Journal cover Journal topic
Geoscientific Model Development An interactive open-access journal of the European Geosciences Union
doi:10.5194/gmd-2016-266
© Author(s) 2016. This work is distributed
under the Creative Commons Attribution 3.0 License.
Model evaluation paper
16 Nov 2016
Review status
A revision of this discussion paper was accepted for the journal Geoscientific Model Development (GMD) and is expected to appear here in due course.
A non-linear Granger causality framework to investigate climate–vegetation dynamics
Christina Papagiannopoulou1, Diego G. Miralles2,3, Niko E. C. Verhoest3, Wouter A. Dorigo4, and Willem Waegeman1 1Depart. of Mathematical Modelling, Statistics and Bioinformatics, Ghent University, Belgium
2Depart. of Earth Sciences, VU University Amsterdam, the Netherlands
3Laboratory of Hydrology and Water Management, Ghent University, Belgium
4Depart. of Geodesy and Geo-Information, Vienna University of Technology, Austria
Abstract. Satellite Earth observation has led to the creation of global climate data records of many important environmental and climatic variables. These take the form of multivariate time series with different spatial and temporal resolutions. Data of this kind provide new means to unravel the influence of climate on vegetation dynamics. However, as advocated in this article, existing statistical methods are often too simplistic to represent complex climate–vegetation relationships due to the assumption of linearity of these relationships. Therefore, as an extension of linear Granger causality analysis, we present a novel non-linear framework consisting of several components, such as data collection from various databases, time series decomposition techniques, feature construction methods and predictive modelling by means of random forests. Experimental results on global data sets indicate that with this framework it is possible to detect non-linear patterns that are much less visible with traditional Granger causality methods. In addition, we also discuss extensive experimental results that highlight the importance of considering the non-linear aspect of climate–vegetation dynamics.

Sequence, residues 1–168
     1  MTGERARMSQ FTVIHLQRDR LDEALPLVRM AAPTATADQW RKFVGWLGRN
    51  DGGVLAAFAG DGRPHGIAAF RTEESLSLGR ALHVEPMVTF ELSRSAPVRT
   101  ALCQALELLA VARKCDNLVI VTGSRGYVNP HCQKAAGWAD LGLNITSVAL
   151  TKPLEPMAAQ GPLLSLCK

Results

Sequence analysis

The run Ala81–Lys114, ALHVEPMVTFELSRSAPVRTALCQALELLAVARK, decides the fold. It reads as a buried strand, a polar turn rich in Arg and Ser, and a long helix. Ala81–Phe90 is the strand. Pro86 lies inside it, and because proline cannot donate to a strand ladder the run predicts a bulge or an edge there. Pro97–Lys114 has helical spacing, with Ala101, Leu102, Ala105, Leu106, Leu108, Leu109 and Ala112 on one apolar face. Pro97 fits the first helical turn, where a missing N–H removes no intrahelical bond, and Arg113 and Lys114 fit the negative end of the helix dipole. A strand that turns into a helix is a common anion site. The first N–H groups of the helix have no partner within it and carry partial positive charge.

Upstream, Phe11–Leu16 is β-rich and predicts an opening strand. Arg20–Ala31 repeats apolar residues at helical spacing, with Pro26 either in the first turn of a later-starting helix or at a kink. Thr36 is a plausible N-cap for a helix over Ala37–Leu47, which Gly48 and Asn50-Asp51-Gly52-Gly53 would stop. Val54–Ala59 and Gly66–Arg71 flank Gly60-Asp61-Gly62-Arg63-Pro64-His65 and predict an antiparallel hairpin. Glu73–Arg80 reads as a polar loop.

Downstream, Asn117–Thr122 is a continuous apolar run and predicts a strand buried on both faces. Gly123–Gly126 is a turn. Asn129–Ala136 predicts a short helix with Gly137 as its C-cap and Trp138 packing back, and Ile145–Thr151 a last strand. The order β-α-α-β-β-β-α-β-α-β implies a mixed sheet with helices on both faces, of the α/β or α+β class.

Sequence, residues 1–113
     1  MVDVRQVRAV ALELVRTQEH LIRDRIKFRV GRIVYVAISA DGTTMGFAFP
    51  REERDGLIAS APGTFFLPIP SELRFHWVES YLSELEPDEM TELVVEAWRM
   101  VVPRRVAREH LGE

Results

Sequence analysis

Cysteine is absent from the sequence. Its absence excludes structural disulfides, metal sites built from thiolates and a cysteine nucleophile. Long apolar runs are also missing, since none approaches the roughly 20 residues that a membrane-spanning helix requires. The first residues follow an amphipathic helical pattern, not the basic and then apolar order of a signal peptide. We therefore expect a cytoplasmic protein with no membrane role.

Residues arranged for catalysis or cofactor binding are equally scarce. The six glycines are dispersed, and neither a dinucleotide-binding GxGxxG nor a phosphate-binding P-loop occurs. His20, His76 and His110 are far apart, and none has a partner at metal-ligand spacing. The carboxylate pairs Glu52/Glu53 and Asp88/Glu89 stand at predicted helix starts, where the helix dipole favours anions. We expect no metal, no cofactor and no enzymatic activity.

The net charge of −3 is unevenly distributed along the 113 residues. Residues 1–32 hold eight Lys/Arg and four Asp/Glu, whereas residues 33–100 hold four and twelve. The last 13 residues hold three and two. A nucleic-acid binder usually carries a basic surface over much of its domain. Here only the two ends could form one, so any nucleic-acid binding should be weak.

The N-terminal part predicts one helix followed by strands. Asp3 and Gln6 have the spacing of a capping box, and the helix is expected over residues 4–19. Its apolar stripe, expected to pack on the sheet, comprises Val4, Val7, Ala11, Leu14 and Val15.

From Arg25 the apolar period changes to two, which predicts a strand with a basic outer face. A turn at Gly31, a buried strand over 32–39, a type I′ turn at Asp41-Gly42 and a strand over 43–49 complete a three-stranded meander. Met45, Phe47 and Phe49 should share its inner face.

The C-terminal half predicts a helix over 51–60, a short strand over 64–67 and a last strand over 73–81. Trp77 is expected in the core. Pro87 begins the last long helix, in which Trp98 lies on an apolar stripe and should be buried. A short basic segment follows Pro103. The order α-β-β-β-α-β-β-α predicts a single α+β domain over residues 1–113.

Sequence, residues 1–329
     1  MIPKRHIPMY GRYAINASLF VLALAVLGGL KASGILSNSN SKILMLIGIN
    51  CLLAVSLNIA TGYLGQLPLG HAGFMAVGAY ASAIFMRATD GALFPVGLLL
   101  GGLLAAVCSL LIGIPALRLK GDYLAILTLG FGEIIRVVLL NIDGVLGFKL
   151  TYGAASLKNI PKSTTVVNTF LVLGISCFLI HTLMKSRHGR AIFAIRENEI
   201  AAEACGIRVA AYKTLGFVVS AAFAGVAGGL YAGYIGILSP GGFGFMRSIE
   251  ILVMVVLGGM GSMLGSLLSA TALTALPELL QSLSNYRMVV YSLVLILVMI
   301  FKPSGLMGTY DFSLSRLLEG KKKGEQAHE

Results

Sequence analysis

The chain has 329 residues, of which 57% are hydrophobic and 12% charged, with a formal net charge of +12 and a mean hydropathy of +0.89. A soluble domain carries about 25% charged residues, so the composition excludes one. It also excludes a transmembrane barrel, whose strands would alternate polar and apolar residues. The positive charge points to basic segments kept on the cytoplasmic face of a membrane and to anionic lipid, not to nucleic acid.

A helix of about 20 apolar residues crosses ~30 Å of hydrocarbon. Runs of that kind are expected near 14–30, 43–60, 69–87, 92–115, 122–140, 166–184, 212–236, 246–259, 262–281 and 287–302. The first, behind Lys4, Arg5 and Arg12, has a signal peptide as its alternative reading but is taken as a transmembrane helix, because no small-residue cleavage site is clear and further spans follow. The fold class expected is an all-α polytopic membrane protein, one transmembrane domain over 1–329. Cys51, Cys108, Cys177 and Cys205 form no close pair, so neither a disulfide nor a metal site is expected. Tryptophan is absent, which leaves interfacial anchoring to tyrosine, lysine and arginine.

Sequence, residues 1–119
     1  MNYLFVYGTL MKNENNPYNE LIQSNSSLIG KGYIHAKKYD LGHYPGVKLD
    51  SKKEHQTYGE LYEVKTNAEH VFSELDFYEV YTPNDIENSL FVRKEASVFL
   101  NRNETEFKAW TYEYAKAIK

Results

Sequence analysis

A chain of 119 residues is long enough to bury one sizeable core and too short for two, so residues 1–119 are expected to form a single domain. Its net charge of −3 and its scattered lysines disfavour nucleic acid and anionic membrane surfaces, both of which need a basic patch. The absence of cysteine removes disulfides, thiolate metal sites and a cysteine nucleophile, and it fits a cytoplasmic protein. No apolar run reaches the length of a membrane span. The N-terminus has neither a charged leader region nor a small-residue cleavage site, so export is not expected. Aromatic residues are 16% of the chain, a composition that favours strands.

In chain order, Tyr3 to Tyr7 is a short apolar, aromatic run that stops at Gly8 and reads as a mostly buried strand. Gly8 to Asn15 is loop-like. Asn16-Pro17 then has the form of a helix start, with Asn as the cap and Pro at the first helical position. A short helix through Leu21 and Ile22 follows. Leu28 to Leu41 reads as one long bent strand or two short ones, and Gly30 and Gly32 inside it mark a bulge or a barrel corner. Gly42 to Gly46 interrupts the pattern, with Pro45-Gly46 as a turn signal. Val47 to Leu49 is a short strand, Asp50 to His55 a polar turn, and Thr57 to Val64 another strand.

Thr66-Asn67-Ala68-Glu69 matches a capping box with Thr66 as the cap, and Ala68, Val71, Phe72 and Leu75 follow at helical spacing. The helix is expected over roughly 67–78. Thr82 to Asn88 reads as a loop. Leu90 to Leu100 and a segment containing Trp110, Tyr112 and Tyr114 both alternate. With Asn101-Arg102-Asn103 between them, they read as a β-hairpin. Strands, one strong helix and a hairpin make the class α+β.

Citation: Papagiannopoulou, C., Miralles, D. G., Verhoest, N. E. C., Dorigo, W. A., and Waegeman, W.: A non-linear Granger causality framework to investigate climate–vegetation dynamics, Geosci. Model Dev. Discuss., doi:10.5194/gmd-2016-266, in review, 2016.
Christina Papagiannopoulou et al.
Christina Papagiannopoulou et al.

Viewed

Total article views: 232 (including HTML, PDF, and XML)

HTML PDF XML Total BibTeX EndNote
141 82 9 232 12 11

Views and downloads (calculated since 16 Nov 2016)

Cumulative views and downloads (calculated since 16 Nov 2016)

Viewed (geographical distribution)

Total article views: 232 (including HTML, PDF, and XML)

Thereof 231 with geography defined and 1 with unknown origin.

Country # Views %
  • 1

Saved

Discussed

Latest update: 27 Apr 2017
Publications Copernicus
Download
Short summary
Global satellite observations provide a means to unravel the influence of climate on vegetation. Common statistical methods used to study the relationships between climate and vegetation are often too simplistic to capture the complexity of these relationships. Here, we present a novel causality framework that includes data fusion from various databases, time series decomposition and machine learning techniques. Results highlight the highly non-linear nature of climate–vegetation interactions.
Global satellite observations provide a means to unravel the influence of climate on vegetation....
Share